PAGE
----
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reading study

3 reasons why the reading gap is still alarmingly wide

New research sheds light on why so many students are not reading at grade level

Reading ability is a big predictor of other academic success, and unfortunately, many U.S. students are not reading at grade level, according to new research.

Research has long established that proficient reading helps students succeed in other subject areas, especially as academic content becomes more challenging. Students who do not read at grade level by 4th grade are four times more likely to drop out of high school. Reading ability also helps children develop empathy and self-confidence.

2017 NAEP results show that more than 6 out of 10 U.S. 4th graders do not read at grade level, and that number worsens for low-income students in high-poverty schools, where 8 in 10 students are not proficient.

To gauge the nation’s reading readiness, Age of Reading surveyed more than 1,000 parents and 1,000 teachers of children ages 2-12, reporting on children’s access to books, their reading habits, and major obstacles to developing confident and strong readers.

That research zeroed in on three major factors contributing to the reading gap.

1. Many children lack access to books, especially high-quality books

More than half of surveyed parents say they have fewer than 50 books of any kind in their homes, including children’s books. Schools can’t always pick up the slack–10 percent of surveyed teachers say their school does not have a school library, and 56 percent say their students do not have access to a digital library. Other research shows that more than 8,000 elementary schools in the U.S. do not have school libraries.

Cost is another issue around lack of access to books. Seventy percent of surveyed teachers say purchasing books for a classroom library is too expensive, and 77 percent say they buy classroom books with their own money.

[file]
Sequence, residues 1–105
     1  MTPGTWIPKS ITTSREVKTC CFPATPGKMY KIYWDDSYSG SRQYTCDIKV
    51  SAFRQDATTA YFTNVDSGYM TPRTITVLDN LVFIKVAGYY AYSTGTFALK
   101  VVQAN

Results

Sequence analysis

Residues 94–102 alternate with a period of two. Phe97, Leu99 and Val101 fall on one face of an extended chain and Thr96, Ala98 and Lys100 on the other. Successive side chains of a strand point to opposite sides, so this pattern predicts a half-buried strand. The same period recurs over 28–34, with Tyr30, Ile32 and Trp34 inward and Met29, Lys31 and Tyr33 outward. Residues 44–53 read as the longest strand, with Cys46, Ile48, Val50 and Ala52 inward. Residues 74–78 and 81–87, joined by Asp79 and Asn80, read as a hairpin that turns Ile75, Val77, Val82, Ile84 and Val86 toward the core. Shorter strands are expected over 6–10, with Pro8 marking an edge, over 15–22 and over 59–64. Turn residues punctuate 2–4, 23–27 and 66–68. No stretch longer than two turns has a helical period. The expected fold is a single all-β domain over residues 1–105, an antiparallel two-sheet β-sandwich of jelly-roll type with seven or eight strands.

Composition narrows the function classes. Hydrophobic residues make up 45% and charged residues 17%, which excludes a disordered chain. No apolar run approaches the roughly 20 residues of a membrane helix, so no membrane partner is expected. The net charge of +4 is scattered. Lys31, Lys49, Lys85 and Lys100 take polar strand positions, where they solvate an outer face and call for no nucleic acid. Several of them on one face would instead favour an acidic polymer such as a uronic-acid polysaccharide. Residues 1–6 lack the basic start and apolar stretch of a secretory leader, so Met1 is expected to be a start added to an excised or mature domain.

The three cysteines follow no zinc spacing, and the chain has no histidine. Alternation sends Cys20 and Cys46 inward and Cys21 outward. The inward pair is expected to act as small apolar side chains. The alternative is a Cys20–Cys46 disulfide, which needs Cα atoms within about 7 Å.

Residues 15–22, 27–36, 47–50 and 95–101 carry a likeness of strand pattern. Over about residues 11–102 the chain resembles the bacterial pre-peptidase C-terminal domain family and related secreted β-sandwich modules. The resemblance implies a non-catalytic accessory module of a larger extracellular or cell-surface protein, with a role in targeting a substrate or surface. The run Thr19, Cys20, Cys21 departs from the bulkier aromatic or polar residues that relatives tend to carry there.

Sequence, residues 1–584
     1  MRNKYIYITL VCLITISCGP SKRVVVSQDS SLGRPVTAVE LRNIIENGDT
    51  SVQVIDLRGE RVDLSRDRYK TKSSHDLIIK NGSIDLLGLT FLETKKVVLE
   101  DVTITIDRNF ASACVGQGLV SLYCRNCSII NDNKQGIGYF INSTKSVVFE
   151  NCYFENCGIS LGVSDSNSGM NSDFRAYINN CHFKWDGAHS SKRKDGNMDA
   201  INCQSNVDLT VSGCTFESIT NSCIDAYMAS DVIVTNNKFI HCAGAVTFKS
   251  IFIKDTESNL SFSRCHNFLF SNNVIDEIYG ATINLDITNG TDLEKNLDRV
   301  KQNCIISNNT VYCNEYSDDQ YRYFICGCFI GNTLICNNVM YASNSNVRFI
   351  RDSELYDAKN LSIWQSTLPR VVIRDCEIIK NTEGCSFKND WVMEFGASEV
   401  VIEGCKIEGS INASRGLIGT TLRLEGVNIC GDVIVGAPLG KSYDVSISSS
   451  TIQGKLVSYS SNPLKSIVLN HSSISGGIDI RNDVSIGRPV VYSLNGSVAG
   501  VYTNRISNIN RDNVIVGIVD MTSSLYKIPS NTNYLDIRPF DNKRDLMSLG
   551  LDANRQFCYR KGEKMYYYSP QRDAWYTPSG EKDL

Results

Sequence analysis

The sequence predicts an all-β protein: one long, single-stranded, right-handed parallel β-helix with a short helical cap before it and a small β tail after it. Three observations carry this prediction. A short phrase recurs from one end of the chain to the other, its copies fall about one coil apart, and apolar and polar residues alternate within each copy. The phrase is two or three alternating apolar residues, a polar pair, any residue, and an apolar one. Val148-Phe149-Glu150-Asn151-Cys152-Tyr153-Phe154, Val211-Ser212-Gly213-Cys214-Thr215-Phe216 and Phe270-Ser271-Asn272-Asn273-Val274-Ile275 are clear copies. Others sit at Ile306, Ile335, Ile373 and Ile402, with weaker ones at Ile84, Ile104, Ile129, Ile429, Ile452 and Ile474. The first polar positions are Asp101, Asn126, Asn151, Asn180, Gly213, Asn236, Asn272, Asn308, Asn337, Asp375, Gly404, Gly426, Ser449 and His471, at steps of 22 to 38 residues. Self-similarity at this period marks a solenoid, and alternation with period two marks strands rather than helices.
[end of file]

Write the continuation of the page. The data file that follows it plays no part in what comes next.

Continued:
Based on teachers’ survey responses, students with access to both a traditional and a digital library are 53 percent more likely to read above grade level than peers without such access.

2. Parents aren’t sure how to support their children’s reading needs

Teachers need help from parents, and 7 in 10 teachers believe parents aren’t involved enough in their child’s education. In fact, teachers cite lack of parental involvement as the top challenge to students reading more books.

And for the most part, parents agree, but they say they’re not sure how to best help their children. Better communication is a good start–67 percent of parents say they don’t know their child’s reading level, and though teachers say 30 percent of their students read below grade level, only 9 percent of parents believe their child is in that category.

3. Children don’t spend enough time reading outside of school

Teachers say students should read between 15-60 minutes each day outside of school, but most students fall short of the minimum reading expectation. Seven percent of parents say their children don’t read or look at books alone outside of school, and with more than 44 million children ages 2-12 in the U.S., that amounts to more than 3 million children who never read alone outside of school.

Gender gaps also complicate the reading gap. Parents of girls rate their child’s enjoyment of books significantly higher than parents of boys. Parents of boys also are more likely to say their child mostly or only reads at the parent’s direction rather than choosing on his own to read.

There are a few ways parents can help their children become confident readers, and teachers can pass these suggestions to parents during meetings, emails, or parent-teacher conferences.

1. Get on their level. Books are like Goldilocks’ porridge—too easy and kids get bored; too advanced and they get frustrated and give up. Ask your child’s teacher what your child’s reading level is, and make sure he or she has books at that level that are just right.

2. Schedule for success. Help kids build good reading habits by setting aside at least 15 minutes every day to read together. Encourage independent readers to read on their own for that long—and reward them when they do!

3. Take them on a book treasure-hunt. Help children discover their next favorite book by visiting your local library. Encourage them to find books on the subjects they’re interested in, or ask the librarian to recommend titles that will keep their attention. Digital libraries are a great way to get books anytime and anywhere, and some can be easily searched by topic.

4. Help them explore the world of words. Books aren’t the only thing we read. Create a print-rich home by labeling objects around the house. Create a word wall where kids can see the connection between objects and their written names. By showing your kids the letters in their life, you can help them begin to decode the world around them.

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Laura Ascione

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